2014: The Year to Persevere

Rev. Dimas Salaberrios, president of Concerts of Prayer Greater New York (center), speaks at Movement Day with Matt Bennett, president of Christian Union (left), and Delores Burnett, outreach manager at American Bible Society (right).

For over two two decades, pastors and leaders from the Metro New York area have gathered each January at the Tuscarora Inn and Conference Center in Pennsylvania. They come from cities and boroughs and suburbs to seek the Lord corporately for 48 hours at the Pastor’s Prayer Summit.

It’s cold in January at Tuscarora, located in Mount Bethel, off the scenic and frigid Delaware River. But inside, the fire of the Holy Spirit burns brightly with worship, praise, prayer, and preaching. Hosted by Concerts of Prayer Greater New York, the event helps set the tone for the year as pastors meet with God at the mountain and return home refreshed and filled with vision and hope.

The 23rd Annual Pastor’s Prayer Summit will be held January 27-29 and features Luis Palau, Dr. A.R. Bernard, and Dr. David Ireland. Rev. Dimas Salaberrios, the president of Concerts of Prayer and pastor ofInfinityChurch in theBronx, will be the host.

AtNew York CityLeadershipCenter’s Movement Day in October,Palauand Rev. Salaberrios were on a panel at the prayer track.

“Prayer has always been high on my list,” said Rev. Salaberrios, who leads a 6 a.m. prayer call with his church. “We have to be hungry for God. If God doesn’t empower us, we will be flat. We have to force our sinful flesh to be in the presence of God.”

Palau, calling intercessory prayer “the privilege of every believer,” said we must tarry until the breakthrough comes, giving examples of times he had sought the Lord until he received an answer.

“We have to pray through,” he said.

Matt Bennett, the founder and president of Christian Union, was also on that panel. Christian Union is a leadership development ministry active at Columbia, Cornell,Dartmouth, Harvard,Princeton, Penn, and Yale.

Bennett talked about the need to develop a thirst for prayer and a desire to pursue the Lord passionately as we boldly ask, seek, and knock (Luke 11:9-10). He also said we need to regain the discipline of fasting.

“Fasting strikes fear in some people’s hearts,” Bennett said, “but in the first century, all Christians fasted on Mondays and Wednesdays. If they did this, don’t we need to do the same? This is a normal way of life for men and women who seek after God.”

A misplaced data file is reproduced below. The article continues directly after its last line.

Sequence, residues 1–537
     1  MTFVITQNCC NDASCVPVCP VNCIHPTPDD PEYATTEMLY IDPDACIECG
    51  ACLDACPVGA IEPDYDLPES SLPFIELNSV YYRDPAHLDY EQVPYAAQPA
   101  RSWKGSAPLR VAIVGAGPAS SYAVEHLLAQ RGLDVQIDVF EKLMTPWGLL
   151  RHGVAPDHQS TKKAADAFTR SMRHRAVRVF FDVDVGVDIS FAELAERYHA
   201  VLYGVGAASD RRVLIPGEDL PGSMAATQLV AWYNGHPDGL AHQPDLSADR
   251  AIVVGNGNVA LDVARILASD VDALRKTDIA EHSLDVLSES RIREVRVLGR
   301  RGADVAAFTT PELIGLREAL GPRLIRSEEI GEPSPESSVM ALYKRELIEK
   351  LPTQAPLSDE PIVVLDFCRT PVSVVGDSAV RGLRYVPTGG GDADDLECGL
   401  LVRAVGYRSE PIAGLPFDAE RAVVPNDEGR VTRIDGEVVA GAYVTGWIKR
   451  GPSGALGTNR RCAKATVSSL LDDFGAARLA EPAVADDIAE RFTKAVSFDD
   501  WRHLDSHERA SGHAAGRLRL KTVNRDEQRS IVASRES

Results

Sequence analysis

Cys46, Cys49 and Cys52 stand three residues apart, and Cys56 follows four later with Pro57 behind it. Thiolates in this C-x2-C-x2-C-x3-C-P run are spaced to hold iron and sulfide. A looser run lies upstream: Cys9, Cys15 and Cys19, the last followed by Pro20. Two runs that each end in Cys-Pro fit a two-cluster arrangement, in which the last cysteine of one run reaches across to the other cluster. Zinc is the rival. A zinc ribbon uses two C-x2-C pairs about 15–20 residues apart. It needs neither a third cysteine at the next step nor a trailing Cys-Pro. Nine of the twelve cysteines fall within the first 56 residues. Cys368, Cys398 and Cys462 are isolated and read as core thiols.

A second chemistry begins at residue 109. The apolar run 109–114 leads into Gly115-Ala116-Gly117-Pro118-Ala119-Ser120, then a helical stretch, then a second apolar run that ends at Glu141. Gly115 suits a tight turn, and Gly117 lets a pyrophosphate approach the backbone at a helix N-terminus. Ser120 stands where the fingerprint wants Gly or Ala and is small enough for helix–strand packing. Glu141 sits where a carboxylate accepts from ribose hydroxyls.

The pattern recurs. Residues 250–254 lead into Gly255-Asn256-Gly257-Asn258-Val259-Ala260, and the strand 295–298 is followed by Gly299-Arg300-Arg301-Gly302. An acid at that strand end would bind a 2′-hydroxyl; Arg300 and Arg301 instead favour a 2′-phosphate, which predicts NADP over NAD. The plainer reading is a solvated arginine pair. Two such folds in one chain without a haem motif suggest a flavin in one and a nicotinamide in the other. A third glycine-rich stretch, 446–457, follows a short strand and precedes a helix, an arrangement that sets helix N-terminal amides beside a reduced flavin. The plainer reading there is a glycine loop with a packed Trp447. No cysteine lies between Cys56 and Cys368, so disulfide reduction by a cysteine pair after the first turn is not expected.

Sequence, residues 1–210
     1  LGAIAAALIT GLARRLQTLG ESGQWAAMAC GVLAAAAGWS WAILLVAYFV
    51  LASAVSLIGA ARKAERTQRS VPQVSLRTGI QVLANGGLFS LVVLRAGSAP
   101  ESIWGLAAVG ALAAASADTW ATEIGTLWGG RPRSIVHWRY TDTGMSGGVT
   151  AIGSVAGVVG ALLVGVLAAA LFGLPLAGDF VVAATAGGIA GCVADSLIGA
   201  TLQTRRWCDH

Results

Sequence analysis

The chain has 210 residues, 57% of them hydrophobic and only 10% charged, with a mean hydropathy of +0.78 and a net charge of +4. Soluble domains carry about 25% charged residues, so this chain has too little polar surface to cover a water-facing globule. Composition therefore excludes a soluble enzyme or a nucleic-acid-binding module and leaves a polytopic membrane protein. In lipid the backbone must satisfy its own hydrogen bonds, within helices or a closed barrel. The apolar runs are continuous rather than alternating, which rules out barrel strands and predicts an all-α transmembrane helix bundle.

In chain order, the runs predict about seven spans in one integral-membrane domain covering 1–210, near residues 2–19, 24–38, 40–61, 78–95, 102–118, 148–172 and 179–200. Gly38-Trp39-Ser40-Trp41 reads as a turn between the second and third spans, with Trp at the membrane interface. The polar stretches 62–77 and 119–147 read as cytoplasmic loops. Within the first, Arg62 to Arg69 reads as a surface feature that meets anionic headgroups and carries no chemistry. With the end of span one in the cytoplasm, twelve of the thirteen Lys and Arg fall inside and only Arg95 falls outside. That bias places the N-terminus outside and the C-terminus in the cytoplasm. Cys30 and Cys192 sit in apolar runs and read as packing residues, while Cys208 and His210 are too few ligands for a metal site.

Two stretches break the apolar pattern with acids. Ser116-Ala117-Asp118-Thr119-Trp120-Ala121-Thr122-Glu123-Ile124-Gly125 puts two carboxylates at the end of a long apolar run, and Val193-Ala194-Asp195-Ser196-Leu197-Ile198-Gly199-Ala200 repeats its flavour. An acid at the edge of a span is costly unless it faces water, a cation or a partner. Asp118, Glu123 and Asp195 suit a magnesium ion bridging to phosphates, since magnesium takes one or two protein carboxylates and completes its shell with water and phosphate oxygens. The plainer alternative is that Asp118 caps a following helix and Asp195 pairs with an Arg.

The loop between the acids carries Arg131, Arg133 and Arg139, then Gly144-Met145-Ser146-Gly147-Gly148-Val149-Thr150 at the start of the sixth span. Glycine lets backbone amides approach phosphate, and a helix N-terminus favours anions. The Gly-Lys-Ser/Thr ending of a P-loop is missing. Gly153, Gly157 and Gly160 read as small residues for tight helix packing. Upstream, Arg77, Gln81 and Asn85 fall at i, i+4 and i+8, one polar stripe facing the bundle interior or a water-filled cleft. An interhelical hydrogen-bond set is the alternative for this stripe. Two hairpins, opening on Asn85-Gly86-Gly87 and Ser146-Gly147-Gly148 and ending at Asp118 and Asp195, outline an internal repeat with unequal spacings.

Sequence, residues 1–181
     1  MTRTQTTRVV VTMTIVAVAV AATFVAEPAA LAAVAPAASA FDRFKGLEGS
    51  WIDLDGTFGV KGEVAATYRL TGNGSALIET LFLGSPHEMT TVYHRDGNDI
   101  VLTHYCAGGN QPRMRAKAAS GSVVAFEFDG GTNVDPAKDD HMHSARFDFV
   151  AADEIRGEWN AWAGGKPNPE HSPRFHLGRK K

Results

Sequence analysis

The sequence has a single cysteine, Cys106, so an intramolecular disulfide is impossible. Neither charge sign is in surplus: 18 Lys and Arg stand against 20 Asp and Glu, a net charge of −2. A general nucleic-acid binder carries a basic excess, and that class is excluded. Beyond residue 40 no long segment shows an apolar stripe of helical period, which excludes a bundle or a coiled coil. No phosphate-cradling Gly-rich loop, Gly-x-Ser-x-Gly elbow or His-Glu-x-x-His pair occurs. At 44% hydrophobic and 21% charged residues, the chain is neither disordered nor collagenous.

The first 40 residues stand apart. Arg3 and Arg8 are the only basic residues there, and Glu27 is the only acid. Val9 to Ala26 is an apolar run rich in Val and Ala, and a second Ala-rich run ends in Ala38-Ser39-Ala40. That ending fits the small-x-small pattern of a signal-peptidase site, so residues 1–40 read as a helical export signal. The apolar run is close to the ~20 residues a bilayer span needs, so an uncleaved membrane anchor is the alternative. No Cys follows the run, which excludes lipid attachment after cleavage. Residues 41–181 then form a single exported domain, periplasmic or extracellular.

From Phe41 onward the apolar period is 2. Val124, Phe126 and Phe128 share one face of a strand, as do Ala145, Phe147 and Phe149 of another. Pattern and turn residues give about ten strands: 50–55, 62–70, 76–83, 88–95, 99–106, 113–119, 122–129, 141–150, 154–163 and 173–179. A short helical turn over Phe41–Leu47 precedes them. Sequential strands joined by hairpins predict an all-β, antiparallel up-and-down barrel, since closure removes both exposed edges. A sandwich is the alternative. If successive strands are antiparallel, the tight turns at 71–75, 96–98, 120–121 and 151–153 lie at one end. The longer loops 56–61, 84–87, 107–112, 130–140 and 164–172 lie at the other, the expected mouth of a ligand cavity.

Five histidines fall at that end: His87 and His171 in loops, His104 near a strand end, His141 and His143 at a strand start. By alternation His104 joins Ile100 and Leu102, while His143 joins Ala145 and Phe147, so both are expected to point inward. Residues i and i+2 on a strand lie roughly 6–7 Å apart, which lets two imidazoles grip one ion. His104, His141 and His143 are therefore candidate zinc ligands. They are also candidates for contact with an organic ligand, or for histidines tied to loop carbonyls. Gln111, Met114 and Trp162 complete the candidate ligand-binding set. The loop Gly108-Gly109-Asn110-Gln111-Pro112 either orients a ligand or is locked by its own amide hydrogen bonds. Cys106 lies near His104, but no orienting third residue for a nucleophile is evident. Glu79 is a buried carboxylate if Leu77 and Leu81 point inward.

Prayer and seeking God are paramount at Christian Union. The staff prays together for one hour each morning and ministry fellows pray for another hour with students on campus. Bennett will tell you that this daily practice has enabled the ministry to grow almost exponentially. When Christian Union was launched atPrinceton12 years ago, three students were enrolled in its first Bible course. This year, there are 1,100 students in Christian Union Bible Courses at seven schools. AtPrinceton, a Christian Union-resourced and supported ministry, Princeton Faith and Action, is the largest organization on campus, Christian or secular.

In January, Christian Union is hosting a national 40 Days of Prayer and Fasting initiative.

What about you? Like many pastors, churches, and Christians in our region, have you decided to start the year off with a time of prayer and/or fasting? The Bible says that there is no need to worry or fear; If we seek the kingdom of God and His righteousness, He will give us everything we need (Matt. 6:33).

There are breakthroughs ahead in 2014 if we will only not give up. However, no one said it would be easy. It seems like every day, more of our religious freedoms are being erased and the Christian worldview is increasingly marginalized. In New York City, the battle over churches having equal access to public schools still rages. InNew Jersey, activists, politicians, and judges are seeking to fast-track same-sex marriage, bypassing the legislative process. And many of our friends, family members, and neighbors don’t have a relationship with Jesus and are missing out on the hope and abundant life He gives.

But we must persevere like Moses did. In prayer, we must continually battle for promised lands and precious people who are held in bondage. Like Moses, we must keep coming back until the victory is won.

In the classic book, Good to Great: Why Some Companies Make the Leap…and Others Don’t, Jim Collins identifies common traits of highly successful organizations. One chapter is entitled “Confront the Brutal Facts (Yet Never Lose Faith).” In those pages, he writes about the “Stockdale Paradox.” Admiral James Stockdale was a prisoner of war in the “Hanoi Hilton” for eight years during the Vietnam War. After interviewing Stockdale, Collins discovered the paradox that enabled him to be realistic, yet hopeful, and survive the brutal torture.

“I never doubted not only that I would get out, but also that I would prevail in the end and turn the experience into the defining event of my life,” Stockdale says in Good to Great.

“You must never confuse faith that you will prevail in the end—which you can never afford to lose—with the discipline to confront the brutal facts of your reality, whatever they might be.”

That’s the kind of faith and patience we will need in 2014. “Faith is the substance of things hoped for, the evidence of things not seen (Hebrews 11:1).”

Let’s believe God for great things this year. Let’s pray and seek Him like never before and earnestly believe the words of Galatians 6:9: “And let us not be weary in well doing: for in due season we shall reap, if we faint not.”

Written by Tom Campisi, publisher of Tri-State Voice. Tom welcomes your comments about this article or anything that is happening in the Metro New York Christian community. E-mail him at Tom@Tristatevoice.com.

 

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